Stories Behind The Buckeye State
Tuesday November 21st 2017

The Arnold Homestead – Carriage Hill Metro Park

The Arnold Homestead located in Carriage Hill Metro Park

One of the joys of setting out to experience Ohio’s rich history is when you accidentally stumble on the unexpected. One such gem for me is the Arnold Homestead, now a part of Carriage Hill Metro Park. I recently recounted the story for blissmersion.com and now I’d like to share some of the history of the the Arnold Homestead & Estate.

The Dunkard Come To Dayton

If you’re wondering what the Dunkard are, don’t worry I was to. The Dunkard are a faith that adhere to a strict Anabaptist form of Christianity. This includes the similar offshoots you might be more familiar with like the Amish and the Mennonites. They are from Germany originally but like many other faiths came to the United States seeking religious freedom. Some settled in Pennsylvania, others in Virginia, but as the Ohio Territory opened up many folded their homestead and came westward.  The Arnolds were one of many Dunkard families to settle in the Miami Valley area. In fact, Ohio has the largest congregation of practicing the Dunkard faith in the US.

The Arnolds Arrive

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It was 1830, Andrew Jackson was president and Ohio had been a state for some 27 years. Meanwhile in Virginia, Daniel and Catharine Arnold were contemplating a move westward. Word continued to spread that fertile farm land was plentiful. On top of this the new Hickory Grove congregation was looking for elders and deacons. That combination proved too irresistible so they sold their 200 acres of land in Rockingham County. The Arnolds packed all of their belongings into an ox drawn wagon. With their five children in tow they set out towards Ohio following the newly built National Road. They were headed to a piece of land already purchased by Catharine’s father, Henry Harshbarger and began living in a log cabin already built on the property. Daniel purchased 158 acres from Harshbarger for $2,000 (a little over $50,000 in today’s money) and began planning a more proper home for his family.

The Arnold Homestead

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Daniel and his son Joseph set to work designing what would be their new home. They constructed a two story house on a limestone foundation topped with an asphalt roof.  It is built in simple, locally appropriate, federal style that most would consider plain. It’s true that the house lacks the flourish and fancy details one would find in a mansion but that’s not where it’s beauty lies. This was to be a simple house for simple folk and what they built was a masterpiece of quality craftsmanship that has stood the test of time. Inside, the Arnold Home again shows beautiful workmanship. Even though the wood paneled walls lack great detail or embellishments it would have surely been a show piece of the small farming community. It’s not hard to see why it took nearly five years to construct.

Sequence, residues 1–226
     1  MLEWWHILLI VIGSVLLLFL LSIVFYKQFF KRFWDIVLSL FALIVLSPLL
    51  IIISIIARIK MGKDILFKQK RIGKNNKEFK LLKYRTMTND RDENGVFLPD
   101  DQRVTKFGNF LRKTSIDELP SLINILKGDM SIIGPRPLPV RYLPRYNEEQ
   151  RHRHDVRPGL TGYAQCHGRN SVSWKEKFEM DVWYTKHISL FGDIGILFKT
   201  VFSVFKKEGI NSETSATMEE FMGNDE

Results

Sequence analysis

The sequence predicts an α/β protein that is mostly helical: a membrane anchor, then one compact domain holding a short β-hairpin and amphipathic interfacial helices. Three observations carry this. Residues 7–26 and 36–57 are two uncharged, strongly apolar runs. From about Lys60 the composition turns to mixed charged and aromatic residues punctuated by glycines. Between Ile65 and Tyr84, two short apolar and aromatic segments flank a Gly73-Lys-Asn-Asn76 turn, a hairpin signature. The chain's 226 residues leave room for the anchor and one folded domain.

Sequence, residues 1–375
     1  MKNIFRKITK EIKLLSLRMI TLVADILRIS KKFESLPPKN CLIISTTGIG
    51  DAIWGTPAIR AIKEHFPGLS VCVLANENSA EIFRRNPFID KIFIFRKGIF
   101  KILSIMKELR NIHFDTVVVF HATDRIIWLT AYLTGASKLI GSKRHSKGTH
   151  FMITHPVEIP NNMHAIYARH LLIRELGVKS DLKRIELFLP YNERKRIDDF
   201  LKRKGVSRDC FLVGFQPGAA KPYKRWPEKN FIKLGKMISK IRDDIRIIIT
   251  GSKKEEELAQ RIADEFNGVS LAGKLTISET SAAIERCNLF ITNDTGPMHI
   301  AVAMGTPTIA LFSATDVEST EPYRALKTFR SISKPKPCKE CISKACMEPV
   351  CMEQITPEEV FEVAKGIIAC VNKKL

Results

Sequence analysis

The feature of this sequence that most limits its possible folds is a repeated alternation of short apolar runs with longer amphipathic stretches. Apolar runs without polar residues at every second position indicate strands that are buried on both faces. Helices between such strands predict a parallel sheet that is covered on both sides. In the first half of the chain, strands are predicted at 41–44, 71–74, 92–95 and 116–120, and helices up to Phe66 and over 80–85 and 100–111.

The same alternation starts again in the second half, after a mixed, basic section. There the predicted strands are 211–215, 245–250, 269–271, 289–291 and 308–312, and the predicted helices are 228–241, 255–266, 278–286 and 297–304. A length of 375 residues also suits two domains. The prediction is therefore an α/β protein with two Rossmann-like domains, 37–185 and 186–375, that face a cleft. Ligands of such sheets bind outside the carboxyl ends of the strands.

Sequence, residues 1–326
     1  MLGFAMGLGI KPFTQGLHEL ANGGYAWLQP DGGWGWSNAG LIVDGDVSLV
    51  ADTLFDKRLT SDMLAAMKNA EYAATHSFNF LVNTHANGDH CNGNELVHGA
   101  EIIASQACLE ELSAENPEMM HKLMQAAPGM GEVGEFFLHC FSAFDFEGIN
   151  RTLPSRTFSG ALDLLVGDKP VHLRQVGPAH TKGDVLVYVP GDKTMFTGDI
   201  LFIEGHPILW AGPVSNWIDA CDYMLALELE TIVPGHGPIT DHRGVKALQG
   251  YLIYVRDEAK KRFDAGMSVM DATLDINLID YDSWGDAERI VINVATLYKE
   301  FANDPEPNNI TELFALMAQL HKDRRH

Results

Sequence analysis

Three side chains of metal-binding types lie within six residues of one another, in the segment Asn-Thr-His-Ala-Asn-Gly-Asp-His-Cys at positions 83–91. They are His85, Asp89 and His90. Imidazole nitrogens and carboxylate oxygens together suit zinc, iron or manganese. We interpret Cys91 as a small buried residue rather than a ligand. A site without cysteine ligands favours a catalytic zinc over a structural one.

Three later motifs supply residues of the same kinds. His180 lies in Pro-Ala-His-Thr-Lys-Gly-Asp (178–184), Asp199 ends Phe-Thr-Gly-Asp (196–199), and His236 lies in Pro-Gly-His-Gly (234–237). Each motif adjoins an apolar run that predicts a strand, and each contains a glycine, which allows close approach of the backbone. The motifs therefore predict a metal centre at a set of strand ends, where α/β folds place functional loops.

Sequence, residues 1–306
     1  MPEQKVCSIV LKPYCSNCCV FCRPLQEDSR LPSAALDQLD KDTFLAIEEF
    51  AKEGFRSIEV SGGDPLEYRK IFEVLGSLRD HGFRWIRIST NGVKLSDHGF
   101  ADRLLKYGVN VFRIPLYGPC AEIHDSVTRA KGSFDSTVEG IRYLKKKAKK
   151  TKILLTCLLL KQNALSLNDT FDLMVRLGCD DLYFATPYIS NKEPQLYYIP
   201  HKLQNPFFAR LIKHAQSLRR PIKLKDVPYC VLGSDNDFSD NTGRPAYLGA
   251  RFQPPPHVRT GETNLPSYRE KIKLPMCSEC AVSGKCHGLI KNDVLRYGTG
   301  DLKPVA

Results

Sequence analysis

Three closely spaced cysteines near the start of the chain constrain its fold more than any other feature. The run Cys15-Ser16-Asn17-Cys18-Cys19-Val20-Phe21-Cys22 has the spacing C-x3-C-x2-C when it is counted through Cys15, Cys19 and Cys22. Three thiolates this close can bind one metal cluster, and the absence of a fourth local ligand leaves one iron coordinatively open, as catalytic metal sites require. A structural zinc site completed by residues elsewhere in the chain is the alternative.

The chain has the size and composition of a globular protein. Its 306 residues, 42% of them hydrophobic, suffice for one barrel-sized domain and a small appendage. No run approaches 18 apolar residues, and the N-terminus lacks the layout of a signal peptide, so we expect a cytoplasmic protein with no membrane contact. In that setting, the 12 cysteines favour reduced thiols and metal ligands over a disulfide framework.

Later Life

By all accounts the Arnold Family lived happily and prospered. Their farm was profitable and they were well respected both in their church and the local community. As the their sons reached adulthood Daniel sold portions of his land to them to start their own family homestead. Daniel and Catharine lived a quiet, hardworking life for many years. Catharine passed in 1852 at age 57. Daniel continued to work hard well into old age. He died in 1864 at age 72 from injuries sustained falling from a wagon at a friends farm. Both are buried in a small cemetery inside the Carriage Hill Metro Park grounds.

Passing It Down

The Arnold sons continued their parents legacy both continuing to work the land and improve the farm. Around 1878 a new barn was built and additions were made to the main house including a winter kitchen by the Arnold’s son Henry. The farm would continue to remain in the Arnold family name for 86 years and prosper all the while.  The last decedent to own the farm was Emma Arnold, Henry’s daughter. In 1916, Emma sold the farm to another family and left for Dayton. The farm would change hands several times over the years before being bought by the Dayton Metro Parks system in 1968.

Carriage Hill Metro Park

Dayton Metro Parks not only bought the Arnold Homestead but much of the adjoining land totaling some 900 acres.  Today the park includes a small lake for fishing, riding stables, and many more amenities. The parks system has turned the Arnold Homestead into a historically accurate working farm giving visitors a glimpse into what the Arnold’s life would have been like.

Closing Thoughts

I didn’t know the Arnold family personally nor did I really know anything about them before I started researching this article. I can’t helped but be moved after reading about their story. They obviously had a great love for their family, their home, and their land. I have a feeling that they would be very pleased that their homestead has not only been preserved but that the farm is operating in much the way they had operated it. That families come today to see the way that their family had lived and learn about their way of life.

See It for Yourself

With fall here and the changing leaves just around the corner, there is no better time to see the Arnold Farm for yourself. Carriage Hill Metro Park is located in Huber Heights, Ohio just off of Interstate 70. The park is open daily and offers a wide variety of things to do and see as well as scheduled programs and events.

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Sources:
“Ohio Historical Dictionary” – North American Book Dist LLC
“Dunkard Brethren” –  Wikipedia.org
“Daniel Arnold” – Findagrave.com
“Carriage Hill Metro Park” – Metroparks.org

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